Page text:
sentative in Hawaii of the Federal
War Trade Board, sunimsrired the la
bor shortage situation in the Tcrl
lory in an interviow granted The Ad-
Mr. Horner declares without quale-
ication that there is only one way la
which Hawaii can perform its double
luty or providing its share of flghtiug
nen and of holding to a high mark its
.reduction of vitally-needed foodstafTs
sugar, pineapplea and rice and that
s by the imortation, for tbe period
if the war, of Oriental labor.
"To me tbe present Hawaiian lalssr
ituatinn is litle short of criminal,"
said Mr. Horner, "and I believe it
houid be taken up with the National
'ood Commission, the Immigration
Bureau and, if necessary, the Kzocu
ive, to assure that some relief be af
orded the Territory so that its food
roducing power may be expanded to
he limit and not lie seriously re
uced as it must be unless the man
ower problem is remedied.
Hher Una Weakened
"Mobilisation of the national guard
nd tbe first draft have takeu flO(M)
nen of Hawaii, ninety percent of tbem
leld workers. Hawaii is glad to make
his contribution of man power for the
Ighting line Vut the drain hat weak
ened another line, equally important,
he food production line, and, at Mr.
Moover tays 'Food Will Win the War',
mil, conversely, lack of food will lose
he war.
"Action to recruit the ranks of our
food producers must be taken at ono
or there Will follow a reduction, a tre
nendous reduction, ia our food prod
ucts. Unless relief comes soon there
vill be a loss of at least 50,0U0 tons
f sugar in 1919.
Breaking Down Prejudices
"New the remedy is simple, yet diflJ
ult; a mere breaking down of bar
kers of political sentiment and politi
cal prejudice for the period of tbe
car. - Our Orieutal neighbors are wili
ng, I believe, to supply ua,the man
ower upon any terms that congress
may dictate. England and. France bave
m ported Oriental ' labor te take the
daeet of native food producers now
iusv killing Hunt btit who most still
be fed.
"Senator McCumber, speaking ia tbe
enate on June 28, said: 'An over
whelming victory ia so vitally impor
'ant to all the world that sentiment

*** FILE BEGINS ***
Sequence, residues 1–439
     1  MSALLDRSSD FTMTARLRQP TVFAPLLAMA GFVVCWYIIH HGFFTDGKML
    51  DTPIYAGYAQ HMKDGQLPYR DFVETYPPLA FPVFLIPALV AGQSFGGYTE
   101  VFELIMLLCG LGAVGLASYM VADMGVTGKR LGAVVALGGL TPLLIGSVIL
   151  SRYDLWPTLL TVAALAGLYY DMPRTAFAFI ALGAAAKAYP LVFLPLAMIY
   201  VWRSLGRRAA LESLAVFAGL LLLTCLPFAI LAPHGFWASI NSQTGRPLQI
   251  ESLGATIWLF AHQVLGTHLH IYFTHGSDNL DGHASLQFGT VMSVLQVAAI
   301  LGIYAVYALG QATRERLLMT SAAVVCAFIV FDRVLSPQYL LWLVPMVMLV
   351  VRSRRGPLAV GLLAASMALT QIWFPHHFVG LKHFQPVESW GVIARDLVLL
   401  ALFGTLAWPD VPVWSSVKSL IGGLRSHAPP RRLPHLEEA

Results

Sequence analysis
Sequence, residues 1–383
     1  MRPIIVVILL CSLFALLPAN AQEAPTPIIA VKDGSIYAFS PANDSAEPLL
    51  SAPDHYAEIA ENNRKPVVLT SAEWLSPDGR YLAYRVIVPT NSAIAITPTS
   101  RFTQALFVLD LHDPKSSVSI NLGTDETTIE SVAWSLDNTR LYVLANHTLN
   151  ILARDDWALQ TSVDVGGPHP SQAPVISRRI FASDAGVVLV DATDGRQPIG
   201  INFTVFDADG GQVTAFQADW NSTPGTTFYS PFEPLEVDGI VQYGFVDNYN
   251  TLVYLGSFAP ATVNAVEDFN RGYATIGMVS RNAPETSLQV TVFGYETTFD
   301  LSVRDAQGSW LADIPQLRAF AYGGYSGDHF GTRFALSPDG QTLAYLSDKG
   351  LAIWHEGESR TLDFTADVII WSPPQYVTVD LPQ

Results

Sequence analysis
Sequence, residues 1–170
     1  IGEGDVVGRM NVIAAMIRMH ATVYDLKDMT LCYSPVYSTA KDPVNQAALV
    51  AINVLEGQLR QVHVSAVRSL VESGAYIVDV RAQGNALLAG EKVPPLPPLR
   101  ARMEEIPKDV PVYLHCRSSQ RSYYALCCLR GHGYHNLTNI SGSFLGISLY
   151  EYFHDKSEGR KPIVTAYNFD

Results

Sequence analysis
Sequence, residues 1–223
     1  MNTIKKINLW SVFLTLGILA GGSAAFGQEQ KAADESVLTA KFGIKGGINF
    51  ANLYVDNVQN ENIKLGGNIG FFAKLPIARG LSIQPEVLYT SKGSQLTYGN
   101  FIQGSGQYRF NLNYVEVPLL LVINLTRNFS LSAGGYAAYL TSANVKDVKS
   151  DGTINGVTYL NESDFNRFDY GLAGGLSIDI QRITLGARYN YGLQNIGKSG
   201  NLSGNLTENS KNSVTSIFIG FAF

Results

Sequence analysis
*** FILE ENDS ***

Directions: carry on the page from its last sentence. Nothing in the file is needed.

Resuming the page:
gainst alien or yellow labor should
be thrown to the winds'. This ent
ireties my views exactly.
"If permitted, the Oriental laborers
would come into the United States as
food producers for the period of the
var and as long thereafter at their
ar vires might be required and then,
like our boys in France, return home.
Only some such expedient wilt guur
intee that Hawaii can perform lit
itally important function of helping
o provide sugar for our people, both
ivilians and soldiers. The importance
f this is reeognired by everyone con
versant with world food conditions.
Kvcry Hund of sugar that can lie pro
luced is needed, not as a luxury, but
is an item of food that caunot be
"Our entire white man power hat
been called upon for purely military
ervice; we must look to tbe Orieut
for our plantation labor."
w. a. a '
Inier Ulmiil steamer Malta
'rom Hawaii and Maul uoris. Anaiist '!l
Krum Hawaii 4'. Andrews. Mlas Anils
mlrewH. K. Andrews, Miss '1'. Andrews.
Mr. and Mrs. W. V. Al.lrt. h Mlsa Mildred
Vvren. Miss Atlce Kiiapu. Miss A. II
"hawberlalu. Mlsa r. lta.rtnoiil Miss ('.
W. Kajruioml. rt. O.ilno. l ot. II. It list -mood.
Mlsa ('. Cowan. Miss It. Wood.
Mtsa X. Tuwsr. A. H. Hhorlt. J. Llniit
foot. Mrs. J. M. Youiik. Mlsa Auule
Young. Arthur tiavldson. 1 H. Urlinm.
It. K. Martin It l.ucas. William Kullt.
Carson, J. A. Honsa. Mr. aud Mrs. O.
Poduiore. A. hal I'Iiouk. Y. II. i. Master
Han ('buck. (j. I.ml.leckc. Mrs. William
I'restlKc Mrs. i. Waua and Infant. Twu
O'Brien. Mrs. K. K I. an- mid IU-c
Isnxhlcrs. MUs Han'ord. Mrs tvNallj.
Mlsa I.. J. (lord. u. Mr. and Mrs. II. H"ti--rts.
Mr. and Mrs. J. I.. Hopwood ant
three children. Mr. anil Mrs. J. OutuliV.
Mlsa 11. Ilurr. Mlsa H. Ikaiider Mr. sud
Mrs. I'. Thi.mi.Min and niald Mlas Hail
land. Mrs. M. I.. Ashler. Mrs. Frauk Klui',
Mrs. K. Heller. Mlsa L. r.deuian. Mis J.
Coleman. Mlas A. IMaa. Mlsa T NavalsM.
Mrs. Ueorac Cypher ami Infant. Iter. K.
Hrkl. A. Ksujo. Mrs. It. It. Ilryanl. Ml h
Hilda flrvsnt. Miss Uernl.lltic Hrvant. Mls
Alleeu Williams. Mm. XI. II. Silver man K.
I.. Cauin. It. It. Womatk. Mlsa M. Tshlu
Choaic. Mrs. U K. Monlse. Mlsa Aliv
Choua- Mr. ami Mrs. K. I.. 1U. Inger ami
child. Mrs. Jmiims. Ill, kie-U. Mlsa II. III. k
nell. Mrs. H.-orire P. Tit flock Mrs V
N. Hsssvy. MUs HmMcy. Mrs. I.. T pun
ka. Mlsa WVIirht. Mlsa Welirlit Mlaa Diss.
1'rauk Alameda. Pain Wllllamx. Lam Nut
Mr. J W. WaMron Iwo children ami two
maids Mlaa M. I'rltchsr.l K.l 1-elf hra'l.
Mra. It.inamr ami two children Mlsa H.
Cullen. Miss Alilde MiiIi.m- Mlaa It. I..
Rausuui. (ieorae Yauiaita. M. 8rdaakt. Maui
Kauskaniil. George Hllva. H. l-einpke.
From Maul -Mra. Goo l.l. Mlaa H"lcn
Woo. Mtsa Akaua Gim. Master Ah t'how.
Maater CHonir Goo. Master Kong H G'mi
M IliH-hn Mr. ami Mrs. nan I. Carey
I Carcj. Master Tom tacey. Ma.ler
srer. A. w. r crnsnaes. J. n. wuuewa.
. (Jeorirc Wclirht. Mr. su.l Mrs. II. K. tic
ter snd child. II. Aukal. Mrs. t . 1,1,1a. I.
Vlllaru, Mrs Taken. Mrs. Nskala and
rid 111. J. M. Muckeusle. Mra. A. Avar.. Mrs.
! Munis and Infsnt. Mra. K. H Hevlus,
Miss Mjrrtl Taj-lor. J. L. Alameda.
PAZO OINTMENT it guaranteed to
cure blind, bleeding, Itching or pro
truding PILES in 6 to 14 da 01
money refunded. Msnnfactuic-i ly
tbe VARUS M KDIC1NK C ,St.;.wi.i,
u. s.
; '. ' v.
; '